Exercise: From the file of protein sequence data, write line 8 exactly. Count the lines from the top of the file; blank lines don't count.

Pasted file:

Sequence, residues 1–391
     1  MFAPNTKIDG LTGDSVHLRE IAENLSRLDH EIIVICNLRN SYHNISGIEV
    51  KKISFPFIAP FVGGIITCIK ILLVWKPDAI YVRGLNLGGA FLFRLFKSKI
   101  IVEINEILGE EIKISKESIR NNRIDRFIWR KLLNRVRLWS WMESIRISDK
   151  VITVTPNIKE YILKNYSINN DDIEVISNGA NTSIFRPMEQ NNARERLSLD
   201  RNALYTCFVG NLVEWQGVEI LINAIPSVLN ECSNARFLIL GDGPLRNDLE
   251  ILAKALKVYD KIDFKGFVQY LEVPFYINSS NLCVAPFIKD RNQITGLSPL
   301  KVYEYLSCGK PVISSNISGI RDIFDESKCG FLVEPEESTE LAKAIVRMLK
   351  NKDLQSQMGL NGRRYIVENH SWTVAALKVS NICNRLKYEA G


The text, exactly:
   301  KVYEYLSCGK PVISSNISGI RDIFDESKCG FLVEPEESTE LAKAIVRMLK